PMID: 36016Mar 1, 1979

Sputum counterimmunoelectrophoresis in the diagnosis of pneumococcal pneumonia

The American Review of Respiratory Disease
R E SchmidJ A Washington

Abstract

Fifty-six patients with pneumonia were grouped according to degree of clinical certainty that the etiologic agent was Streptococcus pneumoniae. Of 14 patients with definite or probable pneumococcal pneumonia, 12 had pneumococcal antigens detected in sputum by counterimmunoelectrophoresis (CIE), 13 had a positive sputum culture, and 12 had a Gram-stained smear of sputum suggestive of the diagnosis. Of 9 patients with definite nonpneumococcal pneumonia, none had pneumococcal antigens detected by CIE, but one had pneumococci isolated from sputum culture, and one had a Gram stain of sputum suggestive of pneumococci. Of 34 control patients without pneumonia, five had a positive CIE, 11 had a positive culture, and 15 had a positive Gram stain. When used to differentiate pneumococcal from other types of pneumonia, CIE of sputum appears to be a sensitive and specific test. Among patients without pneumonia, however, CIE lacks specificity. Additionally, sputum Gram stain may correlate as well as CIE with pneumococcal pneumonia, but further substantiation of this observation is necessary.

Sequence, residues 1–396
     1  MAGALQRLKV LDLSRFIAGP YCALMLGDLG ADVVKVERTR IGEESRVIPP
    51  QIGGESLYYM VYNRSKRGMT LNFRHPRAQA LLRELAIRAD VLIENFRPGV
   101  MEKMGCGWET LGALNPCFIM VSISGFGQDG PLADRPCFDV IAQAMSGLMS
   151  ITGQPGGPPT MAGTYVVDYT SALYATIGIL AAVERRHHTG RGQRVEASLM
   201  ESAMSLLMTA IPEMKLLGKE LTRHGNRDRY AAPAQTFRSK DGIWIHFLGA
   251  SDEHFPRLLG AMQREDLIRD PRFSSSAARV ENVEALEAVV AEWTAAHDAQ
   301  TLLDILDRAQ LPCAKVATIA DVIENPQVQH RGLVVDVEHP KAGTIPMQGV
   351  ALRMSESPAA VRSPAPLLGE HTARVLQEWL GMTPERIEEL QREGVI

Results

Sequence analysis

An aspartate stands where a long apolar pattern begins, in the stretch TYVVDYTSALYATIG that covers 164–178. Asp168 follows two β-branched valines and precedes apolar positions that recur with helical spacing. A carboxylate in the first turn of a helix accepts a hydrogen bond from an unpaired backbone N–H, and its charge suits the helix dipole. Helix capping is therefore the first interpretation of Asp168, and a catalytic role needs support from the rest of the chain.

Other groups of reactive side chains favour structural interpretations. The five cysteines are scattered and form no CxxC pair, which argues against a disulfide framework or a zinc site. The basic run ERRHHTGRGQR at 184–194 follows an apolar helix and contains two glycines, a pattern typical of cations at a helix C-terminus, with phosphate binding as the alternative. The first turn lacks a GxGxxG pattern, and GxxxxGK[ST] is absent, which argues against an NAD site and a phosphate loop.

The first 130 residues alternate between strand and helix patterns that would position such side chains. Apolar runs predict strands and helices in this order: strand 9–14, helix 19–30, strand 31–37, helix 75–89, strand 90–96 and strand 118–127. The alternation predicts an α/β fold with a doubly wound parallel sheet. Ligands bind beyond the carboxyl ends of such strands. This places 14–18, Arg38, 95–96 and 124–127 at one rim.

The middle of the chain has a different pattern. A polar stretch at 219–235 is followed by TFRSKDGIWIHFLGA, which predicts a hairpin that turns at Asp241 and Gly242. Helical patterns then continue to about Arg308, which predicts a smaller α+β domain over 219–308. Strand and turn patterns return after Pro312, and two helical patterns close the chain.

Related Concepts

Immunoelectrophoresis
Sputum, Induced
Antigens, Bacterial
Countercurrent Electrophoresis Measurement
Pneumonia
Streptococcus pneumoniae
Streptococcal Pneumonia

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